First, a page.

Paediatrics and Child Health
Critically ill newborns, whether term or preterm, are at great risk for developing symptomatic thromboembolic disease. Comorbidities like inflammation, DIC, fluctuations in cardiac output, congenital heart disease, as well as central venous or arterial catheters, are the predisposing risk factors. Clinically symptomatic or asymptomatic cases are usually picked up by echocardiography, usually done for other indications. Management usually comprises of observation, heparin therapy, thrombo-embolectomy, and catheter directed revascularization. We present a case of premature neonate who developed thrombus at inter-atrial septum as a possible consequence of cardiopulmonary resuscitation, detected by echocardiography. Conversely, there is always a possibility of paradoxical emboli in neonates with patent foramen ovale (PFO). Subsequent clinical course remained asymptomatic and baby was discharged home after 6 weeks with cardiac follow-up. Atrial septal findings of organized clot/thrombus in asymptomatic newborns need to be correlated with the details of neonatal care. Long-term follow-up is dependent on underlying pathology.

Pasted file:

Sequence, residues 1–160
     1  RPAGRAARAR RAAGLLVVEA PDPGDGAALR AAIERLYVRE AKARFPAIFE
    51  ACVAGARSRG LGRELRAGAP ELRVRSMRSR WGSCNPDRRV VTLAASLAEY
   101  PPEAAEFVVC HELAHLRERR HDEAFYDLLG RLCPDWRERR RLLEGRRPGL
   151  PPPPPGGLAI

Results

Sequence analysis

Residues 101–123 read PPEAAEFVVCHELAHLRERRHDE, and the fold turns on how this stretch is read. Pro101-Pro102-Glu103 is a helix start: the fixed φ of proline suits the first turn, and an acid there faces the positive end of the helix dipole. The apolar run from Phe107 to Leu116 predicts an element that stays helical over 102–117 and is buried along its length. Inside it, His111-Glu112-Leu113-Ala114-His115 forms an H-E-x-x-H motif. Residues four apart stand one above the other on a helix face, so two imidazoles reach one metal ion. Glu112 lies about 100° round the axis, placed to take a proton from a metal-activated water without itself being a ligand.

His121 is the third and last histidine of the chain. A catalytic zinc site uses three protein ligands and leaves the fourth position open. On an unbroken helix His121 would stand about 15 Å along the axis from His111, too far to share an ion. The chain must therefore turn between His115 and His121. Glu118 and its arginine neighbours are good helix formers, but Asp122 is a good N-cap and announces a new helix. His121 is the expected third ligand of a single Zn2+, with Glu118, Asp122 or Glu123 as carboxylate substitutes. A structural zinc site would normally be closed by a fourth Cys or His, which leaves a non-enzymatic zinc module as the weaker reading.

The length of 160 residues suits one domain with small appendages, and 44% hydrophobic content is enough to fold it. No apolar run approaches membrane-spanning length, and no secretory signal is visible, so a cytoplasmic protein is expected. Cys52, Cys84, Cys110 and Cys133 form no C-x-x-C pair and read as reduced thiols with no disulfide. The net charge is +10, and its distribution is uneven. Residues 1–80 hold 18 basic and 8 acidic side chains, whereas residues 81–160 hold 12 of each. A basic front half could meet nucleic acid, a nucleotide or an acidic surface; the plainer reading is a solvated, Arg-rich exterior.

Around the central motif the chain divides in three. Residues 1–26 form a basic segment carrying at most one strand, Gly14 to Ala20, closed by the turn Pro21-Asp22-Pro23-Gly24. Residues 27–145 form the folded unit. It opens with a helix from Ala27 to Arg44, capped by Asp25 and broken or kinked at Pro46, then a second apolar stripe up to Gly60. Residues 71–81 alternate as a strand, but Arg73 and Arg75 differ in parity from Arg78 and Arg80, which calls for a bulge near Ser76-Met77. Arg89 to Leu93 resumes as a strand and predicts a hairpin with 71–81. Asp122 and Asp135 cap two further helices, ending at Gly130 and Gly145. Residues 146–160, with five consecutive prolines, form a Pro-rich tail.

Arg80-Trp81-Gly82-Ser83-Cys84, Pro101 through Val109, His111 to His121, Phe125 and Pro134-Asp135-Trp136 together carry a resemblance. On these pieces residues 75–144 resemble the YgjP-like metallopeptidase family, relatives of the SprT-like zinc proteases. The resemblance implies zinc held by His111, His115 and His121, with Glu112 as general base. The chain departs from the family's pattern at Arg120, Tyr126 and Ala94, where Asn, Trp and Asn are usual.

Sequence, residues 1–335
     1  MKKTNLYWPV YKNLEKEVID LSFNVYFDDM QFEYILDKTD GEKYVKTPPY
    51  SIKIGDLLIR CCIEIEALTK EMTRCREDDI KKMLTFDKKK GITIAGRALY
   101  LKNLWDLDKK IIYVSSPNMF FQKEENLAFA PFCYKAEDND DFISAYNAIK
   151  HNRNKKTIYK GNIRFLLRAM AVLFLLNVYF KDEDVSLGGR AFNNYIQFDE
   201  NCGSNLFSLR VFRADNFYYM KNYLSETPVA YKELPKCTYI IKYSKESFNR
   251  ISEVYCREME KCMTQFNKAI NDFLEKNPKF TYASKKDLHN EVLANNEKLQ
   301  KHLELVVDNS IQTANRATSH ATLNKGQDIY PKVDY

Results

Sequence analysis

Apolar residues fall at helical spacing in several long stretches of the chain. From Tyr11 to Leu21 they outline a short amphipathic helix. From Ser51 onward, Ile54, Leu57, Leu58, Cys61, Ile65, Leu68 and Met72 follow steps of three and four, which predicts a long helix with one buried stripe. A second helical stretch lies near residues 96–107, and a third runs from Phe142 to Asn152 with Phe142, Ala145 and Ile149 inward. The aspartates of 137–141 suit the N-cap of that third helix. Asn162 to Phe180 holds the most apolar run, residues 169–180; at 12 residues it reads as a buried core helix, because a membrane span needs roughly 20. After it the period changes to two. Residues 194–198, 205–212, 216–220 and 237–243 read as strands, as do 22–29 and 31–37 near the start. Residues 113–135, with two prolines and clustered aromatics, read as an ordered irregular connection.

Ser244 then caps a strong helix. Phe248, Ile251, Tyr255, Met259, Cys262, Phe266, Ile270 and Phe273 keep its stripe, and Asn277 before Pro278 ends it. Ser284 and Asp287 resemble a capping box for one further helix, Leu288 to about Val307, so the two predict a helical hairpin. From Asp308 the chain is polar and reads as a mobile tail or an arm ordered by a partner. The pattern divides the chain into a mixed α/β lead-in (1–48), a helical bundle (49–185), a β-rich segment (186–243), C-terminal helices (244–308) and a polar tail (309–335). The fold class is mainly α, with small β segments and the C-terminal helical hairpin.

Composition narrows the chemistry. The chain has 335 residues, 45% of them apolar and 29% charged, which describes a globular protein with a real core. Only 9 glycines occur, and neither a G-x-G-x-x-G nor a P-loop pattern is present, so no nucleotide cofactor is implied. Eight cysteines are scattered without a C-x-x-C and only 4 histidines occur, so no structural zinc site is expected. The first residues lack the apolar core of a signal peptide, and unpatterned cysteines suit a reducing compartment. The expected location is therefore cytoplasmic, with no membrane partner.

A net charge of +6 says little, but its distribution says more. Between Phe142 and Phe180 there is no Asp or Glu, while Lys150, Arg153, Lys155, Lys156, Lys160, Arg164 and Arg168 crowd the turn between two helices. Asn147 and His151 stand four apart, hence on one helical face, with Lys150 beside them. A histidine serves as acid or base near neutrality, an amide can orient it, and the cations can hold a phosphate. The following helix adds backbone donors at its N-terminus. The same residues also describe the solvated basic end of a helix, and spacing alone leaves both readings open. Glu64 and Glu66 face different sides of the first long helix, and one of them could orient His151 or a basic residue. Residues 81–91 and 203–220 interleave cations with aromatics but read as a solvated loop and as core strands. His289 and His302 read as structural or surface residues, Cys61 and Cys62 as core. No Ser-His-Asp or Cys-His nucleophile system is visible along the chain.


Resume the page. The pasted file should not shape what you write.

JCPSP: Journal of the College of Physicians and Surgeons Pakistan
Ali, S. R.,
(2016). Atrial thrombus in a premature newborn following cardio-pulmonary resuscitation. JCPSP: Journal of the College of Physicians and Surgeons Pakistan, 26, S48-S49.
Available at: http://ecommons.aku.edu/pakistan_fhs_mc_women_childhealth_paediatr/199